If you want to have a regime determined by manipulation and games, then you deserve it. It isn’t good enough to vote and say, ‘Well, if you feel like counting it, that’s OK.’ Get fucking mad. Get angry because if you don’t stop them on this, it builds. When the Democratic Party didn’t take a stand in Florida, they were asking for Ohio — they were begging for it. And we see it in San Diego and Washington State. It’s the same thing.
You have an article coming out in the February issue of Harper’s about the Iraqi oil fields. Can we get a preview?
In the months before the invasion in 2003, I was able to get an inside document from the U.S. State Department detailing the division of the assets of Iraq, including the privatization of the oil fields, the chopping up and selling off of Iraq’s oil fields. It was detailed, everything [down to] changing the nation’s copyright laws — I mean just wacky stuff. This was the first military invasion in which the invading army had prewritten copyright laws to protect Microsoft and Sony.
So basically the military invasion was coupled with a kind of corporate takeover, and these plans were written by U.S. corporate lobbyists who sat there and just rewrote Iraq’s laws in advance. That included the division of the Iraq oil fields but here’s the big irony. You know who objected to the division and sell-off of the U.S. oil fields? The U.S. oil companies. They said, ‘We want you to reestablish the state oil company that Saddam had busted up.’ And why would the U.S. oil companies want that? Well, what do the U.S. oil companies love more than owning oil fields? What they love more is $50-a-barrel oil. Look at what these companies are making. They haven’t seen money like this since the ’73 oil embargo. They are just rolling in it. They love OPEC.
What they wanted to do is make sure that once the U.S. conquered Iraq, we effectively have a seat on the OPEC council and that OPEC stays strong enough to gouge the wallets of the American consumer.
So, what I’ve found, and I can’t give you too much detail because I can’t scoop my own piece in Harper’s, is a story of this war between the anti- and pro-OPEC forces internally in the administration on how they divide up Iraq’s oil fields. Of course, what’s missing here is what the Iraqis want to do with their oil fields. No one is asking them. They’re not involved.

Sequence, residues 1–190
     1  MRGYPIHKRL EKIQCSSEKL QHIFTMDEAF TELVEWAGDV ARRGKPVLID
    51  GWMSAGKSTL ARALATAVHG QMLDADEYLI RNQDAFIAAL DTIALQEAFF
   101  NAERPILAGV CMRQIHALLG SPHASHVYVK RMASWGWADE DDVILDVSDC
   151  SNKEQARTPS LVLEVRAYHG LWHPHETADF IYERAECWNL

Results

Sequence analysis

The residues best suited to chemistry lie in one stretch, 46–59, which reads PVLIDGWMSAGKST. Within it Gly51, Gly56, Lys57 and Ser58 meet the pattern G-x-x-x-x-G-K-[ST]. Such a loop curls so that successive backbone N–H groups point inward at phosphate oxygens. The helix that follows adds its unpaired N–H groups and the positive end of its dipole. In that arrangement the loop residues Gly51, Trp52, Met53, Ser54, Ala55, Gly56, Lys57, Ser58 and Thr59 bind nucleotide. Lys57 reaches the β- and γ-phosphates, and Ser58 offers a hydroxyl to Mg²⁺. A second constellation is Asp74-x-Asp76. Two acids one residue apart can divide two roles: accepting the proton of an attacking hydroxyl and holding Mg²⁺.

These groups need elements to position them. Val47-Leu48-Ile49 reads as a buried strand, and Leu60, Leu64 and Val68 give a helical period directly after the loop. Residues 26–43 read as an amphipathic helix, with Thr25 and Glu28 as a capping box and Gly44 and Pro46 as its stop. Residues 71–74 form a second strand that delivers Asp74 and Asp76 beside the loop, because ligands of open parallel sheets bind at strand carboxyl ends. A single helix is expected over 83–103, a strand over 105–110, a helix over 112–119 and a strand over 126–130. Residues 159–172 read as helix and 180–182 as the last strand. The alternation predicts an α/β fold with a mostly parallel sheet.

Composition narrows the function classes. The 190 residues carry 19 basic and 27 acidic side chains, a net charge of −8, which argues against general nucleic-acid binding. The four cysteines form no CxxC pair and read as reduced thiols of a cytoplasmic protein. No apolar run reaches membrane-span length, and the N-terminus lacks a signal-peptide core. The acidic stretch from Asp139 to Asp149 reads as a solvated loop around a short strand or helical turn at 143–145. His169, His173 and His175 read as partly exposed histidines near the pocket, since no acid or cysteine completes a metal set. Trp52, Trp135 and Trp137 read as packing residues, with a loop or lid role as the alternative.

George Bush gets inaugurated in a few days and you, Howard Dean and others just contributed to a book called, What We Do Now: Manifesto for the Post-11/2 World. So what do we do now?
We have a drug problem in America and it’s called television. We have a nation being turned into a bunch of fucking droids and getting so fat that pretty soon Americans are going to start oozing into each other’s protoplasm. We’ll just be giant globs with several feet and several heads probably wired straight into the television. This is the future I see.
Someone asked, ‘How do you explain what we do next,’ and I said, ‘Dance. Fuck. Fight.’ Make yourself indigestible to the system so that if you are ever swallowed up, you will be vomited out. I really think so. Make yourself unemployable. You’ll never get an interesting job if you’re employable. Get arrested, form a punk band and go to Indonesia and fall in love with someone who doesn’t speak your language. I’m not kidding.

Greg Palast has written four New York Times bestsellers, including Armed Madhouse, Billionaires & Ballot Bandits, and The Best Democracy Money Can Buy, now a major non-fiction movie, available on Amazon ”” and can be streamed for FREE by Prime members!